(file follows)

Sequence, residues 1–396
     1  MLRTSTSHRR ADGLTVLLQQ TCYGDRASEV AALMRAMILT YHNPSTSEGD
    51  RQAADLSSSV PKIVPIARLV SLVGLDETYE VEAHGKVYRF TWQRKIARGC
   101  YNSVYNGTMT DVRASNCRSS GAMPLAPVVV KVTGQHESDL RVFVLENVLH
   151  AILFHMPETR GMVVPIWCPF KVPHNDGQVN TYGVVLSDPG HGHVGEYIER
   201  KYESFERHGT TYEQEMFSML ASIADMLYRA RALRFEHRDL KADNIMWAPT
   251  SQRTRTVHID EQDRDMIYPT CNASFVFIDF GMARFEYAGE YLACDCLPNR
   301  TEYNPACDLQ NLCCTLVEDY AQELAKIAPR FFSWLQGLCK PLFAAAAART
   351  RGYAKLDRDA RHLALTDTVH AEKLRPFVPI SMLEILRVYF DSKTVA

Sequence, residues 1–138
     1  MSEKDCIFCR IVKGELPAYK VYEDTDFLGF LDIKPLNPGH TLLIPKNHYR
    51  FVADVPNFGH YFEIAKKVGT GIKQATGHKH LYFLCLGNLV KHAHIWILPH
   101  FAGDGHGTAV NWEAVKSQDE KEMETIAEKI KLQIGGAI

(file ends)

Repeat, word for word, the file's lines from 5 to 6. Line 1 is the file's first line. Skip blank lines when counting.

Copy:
   151  AILFHMPETR GMVVPIWCPF KVPHNDGQVN TYGVVLSDPG HGHVGEYIER
   201  KYESFERHGT TYEQEMFSML ASIADMLYRA RALRFEHRDL KADNIMWAPT